KNOW: A Journal on the Formation of Knowledge is a new journal published by the Institute on the Formation of Knowledge. Volume One, Issue 1 was released in Spring 2017.
The journal’s missive is to investigate the construction, transmission, and contestation of forms of knowledge from antiquity to today, across disciplinary boundaries and common constellations of facts. What people, institutions and cultures know and how they claim to know it are ever more important questions in the time of the internet, social media, and so-called fake news, but these topics have always been significant. In the sciences, they drive the formation of the very questions that lead to future progress; in humanistic endeavors, they are implicated in self-formation and cultural norms.
We hope that KNOW will have an impact on the academic and public communities. In the former case, the articles we accept will (a) aim to challenge the assumption that the modern disciplines constitute a natural division of forms of knowledge and (b) will emphasize the contextual, historical, political and social determination of all forms of knowledge. In fact this multi-pronged investigation will include pre-disciplinary formations of knowledge, delineating a field of study that cries out for critical and comparative attention but has been overlooked in the attention paid to inter-disciplinarity in the past several decades—an attention that already implies the existence of disciplines in its very attempt to explore the interstices between them. By contrast, our focus on pre-disciplinarity and on intellectual evolution and context rather than disciplinary boundaries addresses the way that historical forms of “knowledge” were organized into fields that today elude disciplinary recognition as such. As Michel Foucault long ago asserted of all epistemologies, “we must show that they do not come about of themselves, but are always the result of a construction the rules of which must be known, and the justifications of which must be scrutinized” (The Archaeology of Knowledge).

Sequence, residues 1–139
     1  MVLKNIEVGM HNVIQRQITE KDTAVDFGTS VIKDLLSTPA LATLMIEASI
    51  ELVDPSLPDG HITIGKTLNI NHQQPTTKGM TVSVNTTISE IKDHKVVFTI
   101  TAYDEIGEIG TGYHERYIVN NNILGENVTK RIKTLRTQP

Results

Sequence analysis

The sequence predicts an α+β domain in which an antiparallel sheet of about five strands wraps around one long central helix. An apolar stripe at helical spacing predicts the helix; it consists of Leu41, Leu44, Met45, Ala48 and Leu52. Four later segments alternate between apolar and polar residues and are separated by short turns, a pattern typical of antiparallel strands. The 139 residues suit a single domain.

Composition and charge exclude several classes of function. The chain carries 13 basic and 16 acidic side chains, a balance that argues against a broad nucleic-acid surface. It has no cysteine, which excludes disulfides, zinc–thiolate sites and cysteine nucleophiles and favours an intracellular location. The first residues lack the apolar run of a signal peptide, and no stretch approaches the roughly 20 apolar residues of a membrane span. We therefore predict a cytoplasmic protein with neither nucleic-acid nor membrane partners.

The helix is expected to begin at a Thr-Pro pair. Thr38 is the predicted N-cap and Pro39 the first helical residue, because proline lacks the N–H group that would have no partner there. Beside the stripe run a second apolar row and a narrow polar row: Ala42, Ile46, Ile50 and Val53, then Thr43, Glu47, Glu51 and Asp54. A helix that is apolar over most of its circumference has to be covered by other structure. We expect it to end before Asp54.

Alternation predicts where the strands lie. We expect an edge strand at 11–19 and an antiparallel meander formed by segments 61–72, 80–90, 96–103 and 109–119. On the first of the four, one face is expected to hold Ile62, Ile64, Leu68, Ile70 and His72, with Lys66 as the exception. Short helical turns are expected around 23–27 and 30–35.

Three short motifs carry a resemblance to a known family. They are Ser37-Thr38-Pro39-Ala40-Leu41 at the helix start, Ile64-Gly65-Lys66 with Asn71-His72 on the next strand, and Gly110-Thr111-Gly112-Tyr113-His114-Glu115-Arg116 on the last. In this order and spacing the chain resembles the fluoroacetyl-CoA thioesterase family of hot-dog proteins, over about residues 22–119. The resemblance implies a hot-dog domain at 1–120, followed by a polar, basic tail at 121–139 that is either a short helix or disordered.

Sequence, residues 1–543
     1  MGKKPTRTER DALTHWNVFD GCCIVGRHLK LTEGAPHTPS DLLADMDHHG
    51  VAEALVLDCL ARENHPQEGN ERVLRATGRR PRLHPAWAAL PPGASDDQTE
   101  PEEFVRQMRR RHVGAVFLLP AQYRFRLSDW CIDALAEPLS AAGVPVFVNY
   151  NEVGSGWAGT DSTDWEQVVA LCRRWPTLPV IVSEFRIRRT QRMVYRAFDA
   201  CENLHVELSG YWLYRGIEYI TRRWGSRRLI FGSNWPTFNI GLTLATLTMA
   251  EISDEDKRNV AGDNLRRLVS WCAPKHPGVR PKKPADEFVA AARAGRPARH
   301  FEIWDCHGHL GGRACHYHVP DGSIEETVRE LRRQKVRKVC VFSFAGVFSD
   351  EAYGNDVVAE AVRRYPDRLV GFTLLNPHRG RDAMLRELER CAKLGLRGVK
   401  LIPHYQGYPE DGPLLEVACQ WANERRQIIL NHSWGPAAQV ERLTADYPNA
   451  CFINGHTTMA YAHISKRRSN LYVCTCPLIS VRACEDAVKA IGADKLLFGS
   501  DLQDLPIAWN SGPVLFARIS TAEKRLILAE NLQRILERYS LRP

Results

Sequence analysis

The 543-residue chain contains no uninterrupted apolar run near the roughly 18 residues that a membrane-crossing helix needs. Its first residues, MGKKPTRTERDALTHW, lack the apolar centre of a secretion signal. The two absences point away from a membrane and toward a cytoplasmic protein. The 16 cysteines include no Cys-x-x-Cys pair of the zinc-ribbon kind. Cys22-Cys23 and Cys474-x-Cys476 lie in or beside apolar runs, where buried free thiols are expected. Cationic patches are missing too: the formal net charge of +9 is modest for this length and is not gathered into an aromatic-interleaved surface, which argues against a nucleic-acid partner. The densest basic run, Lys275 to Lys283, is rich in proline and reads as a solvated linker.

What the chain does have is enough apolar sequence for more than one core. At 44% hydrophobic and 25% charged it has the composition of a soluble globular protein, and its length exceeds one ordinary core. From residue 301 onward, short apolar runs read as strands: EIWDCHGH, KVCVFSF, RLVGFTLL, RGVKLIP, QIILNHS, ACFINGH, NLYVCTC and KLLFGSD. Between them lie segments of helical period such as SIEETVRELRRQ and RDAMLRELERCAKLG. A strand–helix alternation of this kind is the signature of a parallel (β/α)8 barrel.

Outside the specific space of the university, we hope that contributions to KNOW will seek to uncover and explicate the vast legacy of historical forms of thinking and their influence on modern societies. The journal aims to remind us that our state of present knowledge, with its particular focuses, biases, fields, and even its faith in science as a putatively value-neutral form of knowing, is the direct product of these historical developments. Awareness of this feature, which is rarely studied or acknowledged, can add nuance to our acceptance of our cultural and intellectual status quo, and to our ability to contextualize both ourselves and others within a longer view.
Contributions to KNOW are accepted through the University of Chicago Press’s Editorial Manager portal.
CONTACT EDITORIAL OFFICE
The Institute on the Formation of Knowledge
University of Chicago
5737 S University Ave
Chicago, IL 60637